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Archives of Toxicology

, Volume 93, Issue 2, pp 417–434 | Cite as

Calyx junction dismantlement and synaptic uncoupling precede hair cell extrusion in the vestibular sensory epithelium during sub-chronic 3,3′-iminodipropionitrile ototoxicity in the mouse

  • Erin A. Greguske
  • Maria Carreres-Pons
  • Blanca Cutillas
  • Pere Boadas-Vaello
  • Jordi LlorensEmail author
Organ Toxicity and Mechanisms
  • 126 Downloads

Abstract

The cellular and molecular events that precede hair cell (HC) loss in the vestibular epithelium during chronic ototoxic exposure have not been widely studied. To select a study model, we compared the effects of sub-chronic exposure to different concentrations of 3,3′-iminodipropionitrile (IDPN) in the drinking water of two strains of mice and of both sexes. In subsequent experiments, male 129S1/SvImJ mice were exposed to 30 mM IDPN for 5 or 8 weeks; animals were euthanized at the end of the exposure or after a washout period of 13 weeks. In behavioral tests, IDPN mice showed progressive vestibular dysfunction followed by recovery during washout. In severely affected animals, light and electron microscopy observations of the vestibular epithelia revealed HC extrusion towards the endolymphatic cavity. Comparison of functional and ultrastructural data indicated that animals with fully reversible dysfunction did not have significant HC loss or stereociliary damage, but reversible dismantlement of the calyceal junctions that characterize the contact between type I HCs (HCI) and their calyx afferents. Immunofluorescent analysis revealed the loss of calyx junction proteins, Caspr1 and Tenascin-C, during exposure and their recovery during washout. Synaptic uncoupling was also recorded, with loss of pre-synaptic Ribeye and post-synaptic GluA2 puncta, and differential reversibility among the three different kinds of synaptic contacts existing in the epithelium. qRT-PCR analyses demonstrated that some of these changes are at least in part explained by gene expression modifications. We concluded that calyx junction dismantlement and synaptic uncoupling are early events in the mouse vestibular sensory epithelium during sub-chronic IDPN ototoxicity.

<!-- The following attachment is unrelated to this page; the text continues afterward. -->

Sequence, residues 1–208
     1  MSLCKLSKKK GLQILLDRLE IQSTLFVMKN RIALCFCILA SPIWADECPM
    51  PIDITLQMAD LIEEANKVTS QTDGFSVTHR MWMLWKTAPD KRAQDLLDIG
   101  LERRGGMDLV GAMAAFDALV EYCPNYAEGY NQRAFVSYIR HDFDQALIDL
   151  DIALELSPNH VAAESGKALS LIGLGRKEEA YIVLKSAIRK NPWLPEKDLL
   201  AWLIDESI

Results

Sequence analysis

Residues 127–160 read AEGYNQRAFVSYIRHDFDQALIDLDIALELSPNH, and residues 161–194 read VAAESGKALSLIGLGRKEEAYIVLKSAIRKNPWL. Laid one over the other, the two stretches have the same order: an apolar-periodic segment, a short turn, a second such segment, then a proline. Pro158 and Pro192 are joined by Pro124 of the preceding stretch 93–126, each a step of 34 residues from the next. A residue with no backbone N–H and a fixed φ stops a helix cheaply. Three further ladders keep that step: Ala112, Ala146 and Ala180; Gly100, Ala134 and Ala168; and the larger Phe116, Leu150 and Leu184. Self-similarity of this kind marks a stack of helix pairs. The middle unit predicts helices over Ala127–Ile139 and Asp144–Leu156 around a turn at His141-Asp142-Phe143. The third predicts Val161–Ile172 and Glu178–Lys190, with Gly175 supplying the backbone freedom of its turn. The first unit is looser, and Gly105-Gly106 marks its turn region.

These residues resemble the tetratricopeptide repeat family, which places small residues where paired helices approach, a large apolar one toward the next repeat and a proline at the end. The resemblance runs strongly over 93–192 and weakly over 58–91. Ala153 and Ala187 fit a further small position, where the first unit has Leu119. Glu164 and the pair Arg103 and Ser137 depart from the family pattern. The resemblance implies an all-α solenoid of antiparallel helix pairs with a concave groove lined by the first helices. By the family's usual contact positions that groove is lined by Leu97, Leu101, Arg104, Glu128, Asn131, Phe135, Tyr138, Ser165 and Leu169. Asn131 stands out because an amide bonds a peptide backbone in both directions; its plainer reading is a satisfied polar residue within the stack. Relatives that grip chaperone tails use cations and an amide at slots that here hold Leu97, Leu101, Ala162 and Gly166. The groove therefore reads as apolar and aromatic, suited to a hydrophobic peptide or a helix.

Keyword

Ototoxicity Vestibular system Afferent terminals Calyceal junctions Ribbon synapses 3,3′-Iminodipropionitrile 

Notes

Acknowledgements

This study was supported by grants BFU2015-66109-R (MINECO/FEDER, EU), and 2017 SGR 621 (Agència de Gestió d’Ajuts Universitaris i de Recerca, Generalitat de Catalunya), and a Minor Research Grant from the Ménière’s Society, UK. E.A.G. was supported by the Secretaria d’Universitats i Recerca del Departament d’Economia i Coneixement de la Generalitat de Catalunya (FI-DGR 2015 Program) and by the Ministerio de Educación, Cultura y Deporte de España (FPU 2015). The electron and confocal microscopy studies were performed at the Scientific and Technological Centers of the University of Barcelona (CCiT-UB). We thank Dr. Benjamı́n Torrejon-Escribano, Josep M. Rebled, Rosa Rivera and Adriana Martínez Gené for technical assistance and Natacha F. Kolar for animal care. We also thank Dr. Judit Homs and the students Meritxell Deulofeu, Sílvia Prades, Marc Bosch-Mola, Bertrán Álvarez-Pérez, Aina Espinosa, Judith Lloret, Júlia Valor, and Maria Capdevila for their contributions to the study.

Compliance with ethical standards

Conflict of interest

The authors declare that they have no conflict of interest.

Supplementary material

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© Springer-Verlag GmbH Germany, part of Springer Nature 2018

Authors and Affiliations

  1. 1.Departament de Ciències Fisiològiques, Institut de NeurocièncesUniversitat de BarcelonaL’Hospitalet de LlobregatSpain
  2. 2.Institut d’Investigació Biomèdica de Bellvitge, IDIBELLL’Hospitalet de LlobregatSpain
  3. 3.Departament d’Infermeria Fonamental i MedicoquirúrgicaInstitut de Neurociències, Universitat de BarcelonaL’Hospitalet de LlobregatSpain
  4. 4.Research Group of Clinical Anatomy, Embryology and Neuroscience (NEOMA), Departament de Ciències Mèdiques, Facultat de MedicinaUniversitat de GironaGironaSpain

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